A remote family connection to former Kansas football coach Glen Mason led to Keith Loneker coming from Roselle Park, N.J., to Lawrence to play college football for Kansas. Loneker came to call Lawrence home after his professional football career ended.
A former offensive lineman, a Lawrence youth football coach, an actor and regular attendee at his two children’s games when they were standout athletes at Free State High, Loneker died Thursday morning after a battle with cancer. He turned 46 Wednesday.
Reached by phone Thursday, Mason reflected on the day he first heard Loneker’s name mentioned as a potential recruit.
“When I first got to Kansas, we weren’t very good,” Mason said. “One of our deficiencies was we didn’t have Big Eight-type linemen. (Assistant coach) Reggie Mitchell was recruiting New Jersey for us and he came to me and said, ‘Hey, your nephew is a really good football player.’ I said, ‘What are you talking about? I don’t have any nephews who play football.’”
That surprised Mitchell, who told his boss, “He knows all about you coach, knows the whole deal. And he can really play.” Mason watched Loneker’s film, liked what he saw and placed a call to his sister to see if she knew anything about a football player who claimed to be his nephew.
“My family is half-wacky, so I asked my sister, ‘Is there anybody out there I don’t know about?’ and then I told her the story,” Mason said.
A couple of hours later, Mason’s sister called back and had solved the mystery. She told her brother that Loneker was her husband’s sister’s niece’s son.
“I said close enough,” Mason said. “We recruited him, it came down to us and Tennessee, we got him and he became a cornerstone foundation of us getting some quality Big 8 offensive linemen.”
Loneker went on to play four NFL seasons (1993-95 with the St. Louis Rams; 1996 with the Atlanta Falcons), starting 5 of 19 games in which he appeared.
Loneker’s son, Keith Loneker Jr., a linebacker for Kansas, broke the news of his father’s death with a tweet at 1:42 p.m. Thursday: “Rest In Peace to my hero, warrior and idol. My father has passed this morning and put up a hell of a fight. Appreciate the love.”
Keith Jr. later tweeted that visitation will be at 9 a.m. Saturday at Corpus Christi Catholic Church, with the funeral to follow at 10 a.m.
The church will be filled with grown men who played football for Loneker as little boys.
“He was an advocate for youth football and for youth football players no matter who they were, special needs or special talent, he was an advocate for all of them,” said Bret Toelkes, president of Lawrence Youth Football, Inc.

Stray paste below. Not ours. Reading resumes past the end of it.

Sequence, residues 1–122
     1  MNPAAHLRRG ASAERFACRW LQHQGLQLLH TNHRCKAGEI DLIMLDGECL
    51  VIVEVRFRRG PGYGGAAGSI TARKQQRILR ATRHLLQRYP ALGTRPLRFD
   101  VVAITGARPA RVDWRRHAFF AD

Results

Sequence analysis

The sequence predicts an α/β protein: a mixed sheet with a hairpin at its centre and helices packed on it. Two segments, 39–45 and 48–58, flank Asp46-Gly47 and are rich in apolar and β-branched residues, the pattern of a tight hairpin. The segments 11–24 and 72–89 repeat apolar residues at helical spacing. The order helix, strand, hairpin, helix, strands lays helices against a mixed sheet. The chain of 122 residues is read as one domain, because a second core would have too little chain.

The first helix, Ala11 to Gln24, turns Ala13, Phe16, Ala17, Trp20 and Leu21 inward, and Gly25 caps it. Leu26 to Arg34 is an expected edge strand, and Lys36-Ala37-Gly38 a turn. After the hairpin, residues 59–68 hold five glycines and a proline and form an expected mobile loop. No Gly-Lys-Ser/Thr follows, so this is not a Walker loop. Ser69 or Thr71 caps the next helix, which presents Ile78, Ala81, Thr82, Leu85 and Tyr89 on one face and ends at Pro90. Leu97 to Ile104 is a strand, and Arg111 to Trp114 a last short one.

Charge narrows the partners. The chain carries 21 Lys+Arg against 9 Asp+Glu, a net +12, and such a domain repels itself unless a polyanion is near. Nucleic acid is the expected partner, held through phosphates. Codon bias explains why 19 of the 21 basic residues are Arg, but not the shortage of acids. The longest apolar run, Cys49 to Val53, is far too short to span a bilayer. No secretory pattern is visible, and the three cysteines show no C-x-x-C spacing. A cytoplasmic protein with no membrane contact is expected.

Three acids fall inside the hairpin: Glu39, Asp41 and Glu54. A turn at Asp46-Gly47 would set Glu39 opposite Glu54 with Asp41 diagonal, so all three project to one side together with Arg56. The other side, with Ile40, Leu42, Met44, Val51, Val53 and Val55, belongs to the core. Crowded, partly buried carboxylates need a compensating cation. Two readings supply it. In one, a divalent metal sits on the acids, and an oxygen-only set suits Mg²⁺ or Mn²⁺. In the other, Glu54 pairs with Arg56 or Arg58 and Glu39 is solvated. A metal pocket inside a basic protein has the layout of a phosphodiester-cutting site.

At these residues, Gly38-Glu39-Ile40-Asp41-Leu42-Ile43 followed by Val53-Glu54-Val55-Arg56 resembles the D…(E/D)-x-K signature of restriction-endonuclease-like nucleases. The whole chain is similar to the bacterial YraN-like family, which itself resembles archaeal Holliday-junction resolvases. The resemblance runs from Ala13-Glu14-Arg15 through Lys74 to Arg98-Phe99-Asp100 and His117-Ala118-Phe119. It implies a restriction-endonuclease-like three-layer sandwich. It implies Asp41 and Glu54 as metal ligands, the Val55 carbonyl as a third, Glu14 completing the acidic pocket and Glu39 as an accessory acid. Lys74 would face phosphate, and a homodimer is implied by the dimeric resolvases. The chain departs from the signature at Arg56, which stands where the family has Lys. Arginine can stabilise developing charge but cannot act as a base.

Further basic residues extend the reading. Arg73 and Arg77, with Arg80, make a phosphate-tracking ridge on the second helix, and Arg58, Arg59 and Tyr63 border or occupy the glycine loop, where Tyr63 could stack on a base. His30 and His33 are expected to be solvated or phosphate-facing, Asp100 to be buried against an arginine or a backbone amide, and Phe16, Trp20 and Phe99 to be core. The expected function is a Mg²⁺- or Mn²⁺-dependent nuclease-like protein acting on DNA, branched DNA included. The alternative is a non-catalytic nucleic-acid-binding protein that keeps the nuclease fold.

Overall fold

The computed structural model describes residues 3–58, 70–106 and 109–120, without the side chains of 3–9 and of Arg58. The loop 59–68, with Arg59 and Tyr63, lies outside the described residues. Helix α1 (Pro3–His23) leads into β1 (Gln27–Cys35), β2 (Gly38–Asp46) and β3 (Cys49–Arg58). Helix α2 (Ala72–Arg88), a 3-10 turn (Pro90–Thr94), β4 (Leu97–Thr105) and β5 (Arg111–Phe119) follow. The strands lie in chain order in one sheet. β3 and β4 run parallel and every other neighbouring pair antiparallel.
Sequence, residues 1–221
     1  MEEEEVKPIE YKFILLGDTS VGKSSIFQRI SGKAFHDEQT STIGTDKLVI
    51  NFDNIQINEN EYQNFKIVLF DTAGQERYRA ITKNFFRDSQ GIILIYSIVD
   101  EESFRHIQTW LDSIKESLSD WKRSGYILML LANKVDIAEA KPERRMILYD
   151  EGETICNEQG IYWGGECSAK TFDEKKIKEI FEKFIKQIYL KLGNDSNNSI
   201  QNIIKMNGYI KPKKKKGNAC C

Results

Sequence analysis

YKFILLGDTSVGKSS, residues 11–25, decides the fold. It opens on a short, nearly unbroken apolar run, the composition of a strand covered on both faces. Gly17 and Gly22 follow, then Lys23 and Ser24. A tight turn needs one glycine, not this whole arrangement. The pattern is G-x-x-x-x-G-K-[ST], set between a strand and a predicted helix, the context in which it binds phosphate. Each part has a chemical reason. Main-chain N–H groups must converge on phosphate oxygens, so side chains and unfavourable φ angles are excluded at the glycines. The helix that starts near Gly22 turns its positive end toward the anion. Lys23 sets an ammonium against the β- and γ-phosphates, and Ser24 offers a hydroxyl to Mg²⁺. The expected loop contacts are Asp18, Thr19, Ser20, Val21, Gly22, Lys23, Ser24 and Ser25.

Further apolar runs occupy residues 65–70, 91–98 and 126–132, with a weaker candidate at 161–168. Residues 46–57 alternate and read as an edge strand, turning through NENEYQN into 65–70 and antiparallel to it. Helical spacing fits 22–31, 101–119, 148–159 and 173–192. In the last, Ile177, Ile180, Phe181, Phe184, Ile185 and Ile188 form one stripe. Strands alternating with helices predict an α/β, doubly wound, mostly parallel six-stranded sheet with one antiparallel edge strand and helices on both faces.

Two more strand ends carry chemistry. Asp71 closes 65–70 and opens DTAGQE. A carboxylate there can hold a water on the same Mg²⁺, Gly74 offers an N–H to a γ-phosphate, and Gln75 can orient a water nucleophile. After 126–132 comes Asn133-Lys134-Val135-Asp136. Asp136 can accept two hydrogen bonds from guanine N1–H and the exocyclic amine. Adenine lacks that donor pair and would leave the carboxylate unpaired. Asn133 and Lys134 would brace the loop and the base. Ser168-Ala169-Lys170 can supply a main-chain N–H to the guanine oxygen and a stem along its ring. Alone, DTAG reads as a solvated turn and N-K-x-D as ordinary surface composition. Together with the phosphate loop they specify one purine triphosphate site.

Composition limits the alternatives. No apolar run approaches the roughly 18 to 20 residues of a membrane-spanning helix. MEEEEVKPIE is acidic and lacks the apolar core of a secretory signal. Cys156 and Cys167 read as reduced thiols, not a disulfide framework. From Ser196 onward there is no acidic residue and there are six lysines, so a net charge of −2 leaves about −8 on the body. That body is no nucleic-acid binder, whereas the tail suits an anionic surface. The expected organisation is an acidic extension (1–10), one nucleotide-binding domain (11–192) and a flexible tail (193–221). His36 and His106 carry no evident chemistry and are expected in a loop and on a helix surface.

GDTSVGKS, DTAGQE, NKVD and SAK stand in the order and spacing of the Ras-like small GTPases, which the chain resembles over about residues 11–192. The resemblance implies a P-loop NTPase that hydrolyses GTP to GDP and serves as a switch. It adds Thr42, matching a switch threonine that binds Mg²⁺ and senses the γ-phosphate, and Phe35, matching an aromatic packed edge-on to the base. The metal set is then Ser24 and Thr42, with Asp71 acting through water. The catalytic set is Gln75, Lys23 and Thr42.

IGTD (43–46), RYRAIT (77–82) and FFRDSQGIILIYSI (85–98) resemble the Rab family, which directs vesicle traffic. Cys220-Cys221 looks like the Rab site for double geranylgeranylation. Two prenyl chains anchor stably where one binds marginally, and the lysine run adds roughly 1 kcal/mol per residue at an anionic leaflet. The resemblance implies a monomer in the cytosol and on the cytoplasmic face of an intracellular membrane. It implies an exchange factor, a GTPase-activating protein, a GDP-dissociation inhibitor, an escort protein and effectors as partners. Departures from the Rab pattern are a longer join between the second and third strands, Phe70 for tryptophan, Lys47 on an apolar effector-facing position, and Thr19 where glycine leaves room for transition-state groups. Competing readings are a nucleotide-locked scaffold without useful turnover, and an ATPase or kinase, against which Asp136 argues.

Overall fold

Toelkes also called Loneker “the best coach I was ever around in my whole life. He had the ability to break it down for you. I watched a lot of football with Keith over the years, Friday nights at the high schools, (NFL) games on Sundays, and he could break it down for you. And he was great working with other coaches. I was never around anybody like him when it came to football.”
Toelkes visited Loneker daily during his hospice care and said he was touched by the care he received from friends Charley Bowen, a KU teammate, and Kelly Barah, Kylee Loneker’s soccer coach at Free State before she played at Fort Hays State.
“Everything he needed, clear to the end, they took care of for him,” Toelkes said. “You’ll never get better friends than those two guys, Charley and Kelly.”
Charley Bowen, older brother of Kansas defensive coordinator Clint Bowen, said, "Kind of hard to believe. Hard to understand how it can happen to somebody that powerful in his body and powerful in his life. At least he’s not suffering anymore.”
Inducted into his hometown's athletic Hall of Fame in November, Loneker was diagnosed with cancer days after Christmas. He and Charley Bowen made the trip to Memphis to watch the Jayhawks play there in September.
“He really enjoyed watching little Keith play,” Charley Bowen said. “He was looking forward to watching him this year.”
He enjoyed watching more than his son play.
Former Free State High standout Scott Frantz, starting left tackle for Kansas State as a redshirt freshman last season and an NFL prospect, Frantz said he would not be playing college football if not for Loneker, his youth football coach and personal instructor later in his career.
“If we were doing 15 sled pushes in 110-degree heat, we were doing all 15,” Frantz said. “Quitting was never an option. I feel like that lesson of never giving up really stuck with me throughout many facets of life. It’s helped me tremendously at K-State and will continue to help me.”
Frantz said he wears No. 74 in Loneker’s honor.
“Every time I put that jersey on, I remember everything he taught me, everything he means to me,” Frantz said. “When I first heard about his passing, I was sitting in class trying my best to hold back the tears. After a while though, I started smiling and chuckling out loud in class. I started to remember all of the great memories I had with him, all of the jokes we used to tell each other.”
Loneker’s lighter side surfaced often.
Retired voice of KU Bob Davis remembered Mason taking a caller’s question on Hawk Talk.
Caller: “Your team looks like it’s in great shape.”
Growled Mason: “Loneker, is that you?”
The fearlessness required to call a tough coach on a radio show came in handy when Loneker tackled a new career as an actor. “Superbad,” “Leatherheads” and “Lakeview Terrace” were among Loneker’s film credits. He appeared in films starring Jennifer Aniston, George Clooney, Jennifer Lopez and Mark Wahlberg.
"He's going to be missed," Charley Bowen said, speaking for many.